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Crime and Punishment

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Essay title: Crime and Punishment

Crime and Punishment

Making crimes comes as a result of many various things in life. The first and the greatest one is called money as the old expression that says “Money is the root of all evil”. As many people who are in need of money makes different types of crimes just to gain that money, however it’s coming through a wrong way. Poor people make some small crimes because of money. In the play, Crime and Punishment, the role of Raskolnikov experiences this type of dilemma.

The characters in the play were true to their individual personalities. Ben Hunter who performed as Raskolnikov was absolutely nuts. Even though he suffered tremendously, I couldn’t connect with his character given that he was a murderer. Overall he did a good job as he transitioned from one scene to another to illustrate what is happening in the past and present. Paul Witten who performed as Porify played a good performance because his voice and body movement made me believe that he was strictly trying his best to unsolve the murder mystery. In addition, his character transition as Alyona was well done. At first, I had no clue that the actor who performed as Porify was the same person performing as Alyona. At that instance, I had to double check to bill pamphlet to see if there was someone that I had missed. Last but not least, Suzanne Friedline who performed as Sonia did an excellent job as well as she performed dual roles. Her character performance was believable and as she transitioned her character from Sonia to Lizaveta, she did a good job by not intervening the character’s personalities.

Suffering, sacrifice, and redemption are major themes that circulate though this play. The character's views on suffering go from horror and denial, especially in Raskolnikov's case, to acceptance of it like Sonya. Only through suffering can the characters in the play grow and transcend their poor conditions. Only through suffering can Raskolnikov gain religious redemption he desperately seeks by the end of the play. Every character in the play seems to experiences it, and goes through major sacrifices to improve their lives. For example, Sonia’s family suffers from his father’s alcoholic problems. In order to help feed her family, she sacrifices self being to sell her body. Another character that suffers is the main character himself, Raskolnikov. He is a poor, former student who is unable to continue his studies due to money problems. Despite his hard demeanor, inside he is suffering for what he has done. When he finally does confess to Sonya about the murder, she tells him that through suffering, he will find redemption for the sin.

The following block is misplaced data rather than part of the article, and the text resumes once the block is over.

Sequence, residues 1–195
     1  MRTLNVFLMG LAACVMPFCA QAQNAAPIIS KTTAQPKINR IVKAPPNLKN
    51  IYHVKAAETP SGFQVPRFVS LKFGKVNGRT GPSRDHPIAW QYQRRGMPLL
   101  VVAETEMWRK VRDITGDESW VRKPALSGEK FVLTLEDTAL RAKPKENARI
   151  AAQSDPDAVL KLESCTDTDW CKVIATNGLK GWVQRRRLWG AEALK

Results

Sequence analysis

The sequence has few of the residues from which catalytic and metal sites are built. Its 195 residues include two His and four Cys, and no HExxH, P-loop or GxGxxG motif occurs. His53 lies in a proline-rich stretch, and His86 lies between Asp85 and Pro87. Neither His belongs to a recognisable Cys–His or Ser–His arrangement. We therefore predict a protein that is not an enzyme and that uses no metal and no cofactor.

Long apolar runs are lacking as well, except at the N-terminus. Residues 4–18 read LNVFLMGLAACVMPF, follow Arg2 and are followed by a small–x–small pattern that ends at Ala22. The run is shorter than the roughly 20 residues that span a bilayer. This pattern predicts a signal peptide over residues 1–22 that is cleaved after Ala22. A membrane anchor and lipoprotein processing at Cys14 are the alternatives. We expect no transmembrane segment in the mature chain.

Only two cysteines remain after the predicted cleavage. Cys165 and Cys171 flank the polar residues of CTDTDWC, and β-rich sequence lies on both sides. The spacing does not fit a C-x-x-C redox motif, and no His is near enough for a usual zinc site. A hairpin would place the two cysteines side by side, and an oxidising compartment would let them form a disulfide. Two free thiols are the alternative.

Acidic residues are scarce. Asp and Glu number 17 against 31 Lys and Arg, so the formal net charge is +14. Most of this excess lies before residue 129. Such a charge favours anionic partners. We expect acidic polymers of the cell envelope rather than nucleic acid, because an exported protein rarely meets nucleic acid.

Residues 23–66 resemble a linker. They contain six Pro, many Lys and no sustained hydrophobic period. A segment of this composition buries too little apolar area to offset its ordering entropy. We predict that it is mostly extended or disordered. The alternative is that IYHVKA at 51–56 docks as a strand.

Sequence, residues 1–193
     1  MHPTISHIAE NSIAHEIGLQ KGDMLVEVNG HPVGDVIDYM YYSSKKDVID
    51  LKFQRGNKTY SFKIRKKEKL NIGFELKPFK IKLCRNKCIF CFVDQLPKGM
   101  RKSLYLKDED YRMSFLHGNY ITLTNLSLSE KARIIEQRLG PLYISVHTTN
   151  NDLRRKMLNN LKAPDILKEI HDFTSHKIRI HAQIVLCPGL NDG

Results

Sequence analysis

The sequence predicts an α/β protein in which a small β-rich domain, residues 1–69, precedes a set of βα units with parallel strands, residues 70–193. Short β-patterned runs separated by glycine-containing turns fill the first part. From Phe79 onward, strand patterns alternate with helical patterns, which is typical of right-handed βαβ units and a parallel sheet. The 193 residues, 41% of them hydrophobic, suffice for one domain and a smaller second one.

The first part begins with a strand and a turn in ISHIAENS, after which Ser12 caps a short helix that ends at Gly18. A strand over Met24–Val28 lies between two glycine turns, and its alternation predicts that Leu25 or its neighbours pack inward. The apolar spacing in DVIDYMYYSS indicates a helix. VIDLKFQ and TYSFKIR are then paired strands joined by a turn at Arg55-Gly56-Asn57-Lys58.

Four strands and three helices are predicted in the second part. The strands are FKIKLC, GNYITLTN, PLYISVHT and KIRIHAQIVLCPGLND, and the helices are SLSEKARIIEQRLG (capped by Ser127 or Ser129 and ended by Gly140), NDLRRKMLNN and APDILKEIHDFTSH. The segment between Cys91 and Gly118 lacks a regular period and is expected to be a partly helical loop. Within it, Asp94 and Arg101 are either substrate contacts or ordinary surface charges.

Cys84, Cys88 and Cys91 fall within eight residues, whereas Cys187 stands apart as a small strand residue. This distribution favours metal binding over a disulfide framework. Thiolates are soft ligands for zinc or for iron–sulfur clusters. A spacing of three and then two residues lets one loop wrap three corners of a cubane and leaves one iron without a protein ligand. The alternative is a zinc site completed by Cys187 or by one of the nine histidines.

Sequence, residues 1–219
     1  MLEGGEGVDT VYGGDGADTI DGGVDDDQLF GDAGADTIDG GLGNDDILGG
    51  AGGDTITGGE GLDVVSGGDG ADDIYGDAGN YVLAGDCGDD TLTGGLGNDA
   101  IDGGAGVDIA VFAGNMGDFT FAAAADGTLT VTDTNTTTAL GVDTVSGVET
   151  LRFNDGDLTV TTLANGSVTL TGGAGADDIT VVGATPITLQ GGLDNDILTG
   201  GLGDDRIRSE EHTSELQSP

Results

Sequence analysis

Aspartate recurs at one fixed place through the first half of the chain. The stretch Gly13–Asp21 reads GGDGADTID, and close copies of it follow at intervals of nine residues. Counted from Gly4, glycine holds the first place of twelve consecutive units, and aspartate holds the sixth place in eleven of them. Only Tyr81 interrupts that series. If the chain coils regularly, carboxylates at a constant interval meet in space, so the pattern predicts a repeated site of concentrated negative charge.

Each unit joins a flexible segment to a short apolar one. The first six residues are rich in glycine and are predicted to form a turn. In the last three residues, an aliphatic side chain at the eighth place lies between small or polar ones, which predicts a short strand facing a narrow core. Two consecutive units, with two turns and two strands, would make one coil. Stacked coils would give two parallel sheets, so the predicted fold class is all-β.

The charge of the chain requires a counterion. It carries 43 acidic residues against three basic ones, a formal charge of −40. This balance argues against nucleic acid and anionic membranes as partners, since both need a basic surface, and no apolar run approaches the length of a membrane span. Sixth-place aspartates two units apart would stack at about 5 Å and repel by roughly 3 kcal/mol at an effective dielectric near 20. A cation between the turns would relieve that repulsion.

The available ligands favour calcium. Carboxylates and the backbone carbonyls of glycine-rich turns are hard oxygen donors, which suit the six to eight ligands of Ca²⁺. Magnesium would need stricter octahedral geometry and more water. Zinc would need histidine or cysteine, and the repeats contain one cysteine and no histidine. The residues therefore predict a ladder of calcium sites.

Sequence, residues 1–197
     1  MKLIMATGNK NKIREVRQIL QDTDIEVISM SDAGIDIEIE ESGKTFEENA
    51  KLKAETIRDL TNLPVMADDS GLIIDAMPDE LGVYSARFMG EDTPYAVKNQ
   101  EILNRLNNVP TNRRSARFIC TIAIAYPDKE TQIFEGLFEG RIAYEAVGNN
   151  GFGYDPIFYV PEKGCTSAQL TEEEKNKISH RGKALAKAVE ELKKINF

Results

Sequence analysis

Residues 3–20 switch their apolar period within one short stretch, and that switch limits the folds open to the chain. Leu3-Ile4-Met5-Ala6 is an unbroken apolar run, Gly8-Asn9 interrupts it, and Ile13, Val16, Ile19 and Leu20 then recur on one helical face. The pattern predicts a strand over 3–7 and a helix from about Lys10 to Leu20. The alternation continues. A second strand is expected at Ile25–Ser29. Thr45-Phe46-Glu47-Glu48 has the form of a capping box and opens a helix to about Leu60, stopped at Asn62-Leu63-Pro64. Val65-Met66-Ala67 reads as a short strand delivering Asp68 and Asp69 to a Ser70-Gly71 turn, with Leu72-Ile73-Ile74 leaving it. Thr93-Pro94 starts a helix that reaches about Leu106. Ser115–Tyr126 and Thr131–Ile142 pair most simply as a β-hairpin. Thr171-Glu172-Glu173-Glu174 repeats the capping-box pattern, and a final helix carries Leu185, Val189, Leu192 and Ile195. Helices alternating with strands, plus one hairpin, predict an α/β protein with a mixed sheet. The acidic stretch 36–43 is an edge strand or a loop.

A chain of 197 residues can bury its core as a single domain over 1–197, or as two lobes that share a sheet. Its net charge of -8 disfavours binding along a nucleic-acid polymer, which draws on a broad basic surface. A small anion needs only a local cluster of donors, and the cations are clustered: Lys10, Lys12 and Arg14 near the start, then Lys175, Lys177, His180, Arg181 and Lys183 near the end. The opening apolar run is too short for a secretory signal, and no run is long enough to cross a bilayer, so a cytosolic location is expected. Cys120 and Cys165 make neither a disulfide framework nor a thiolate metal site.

The conflict in Crime and Punishment is the internal development of Raskolnikov's character. In Raskolnikov's mind are two contrasting personalities, each demanding control over him. One side, brought out by poverty and egoism, is the murderer who kills the pawnbroker. The other side, inspired by the love of others and his inner goodness, is his caring conscience which desires to help those around him. The conflict rages on throughout the play, and in the end Raskolnikov's good side wins over as he accepts his guilt, admits to his wrongness and turns his life over to Sonia and God.

The costumes that the actors wore fit the time that the play was set. It also showed the style of living that the characters lived. For example, when the play began and saw Raskolnikov’s clothes, I knew at that moment that he lived an unfortunate life. Raskolnikov’s clothing was tattered and his hair was uncombed. Furthermore, it seemed that he hasn’t shaved for weeks. From his clothing observation, I understood that his life was unpleasant. As to Sonia, the moment I saw her I had a gut feeling that she was a prostitute. The reason I had this reaction was how her hair and make-up was done. Her hair seemed as if someone had pulled her hair and her black eye make-up was messily smudged. Sure enough when Raskolnikov pleaded her to give up prostitution, I was right all along about my perception on Sonia. Last but not least, Porfiry seemed to be the only one whose clothing was un-tattered. Sure enough it was suitable for his character since he was an investigator


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